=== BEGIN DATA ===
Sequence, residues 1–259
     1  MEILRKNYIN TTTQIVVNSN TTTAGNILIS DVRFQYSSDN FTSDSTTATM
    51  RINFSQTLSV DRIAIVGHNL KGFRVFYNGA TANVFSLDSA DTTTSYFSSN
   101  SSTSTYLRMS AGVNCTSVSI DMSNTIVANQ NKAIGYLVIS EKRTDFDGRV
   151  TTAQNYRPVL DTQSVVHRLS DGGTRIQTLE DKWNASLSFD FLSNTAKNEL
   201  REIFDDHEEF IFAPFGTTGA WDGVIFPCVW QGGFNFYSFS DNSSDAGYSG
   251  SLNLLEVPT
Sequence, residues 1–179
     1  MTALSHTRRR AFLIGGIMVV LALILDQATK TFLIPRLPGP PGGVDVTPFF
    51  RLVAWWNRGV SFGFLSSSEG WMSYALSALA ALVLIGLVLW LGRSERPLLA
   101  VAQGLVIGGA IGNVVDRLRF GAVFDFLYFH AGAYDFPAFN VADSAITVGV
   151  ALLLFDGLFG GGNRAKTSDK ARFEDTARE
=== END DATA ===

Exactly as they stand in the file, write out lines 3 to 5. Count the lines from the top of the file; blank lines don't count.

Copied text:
    51  RINFSQTLSV DRIAIVGHNL KGFRVFYNGA TANVFSLDSA DTTTSYFSSN
   101  SSTSTYLRMS AGVNCTSVSI DMSNTIVANQ NKAIGYLVIS EKRTDFDGRV
   151  TTAQNYRPVL DTQSVVHRLS DGGTRIQTLE DKWNASLSFD FLSNTAKNEL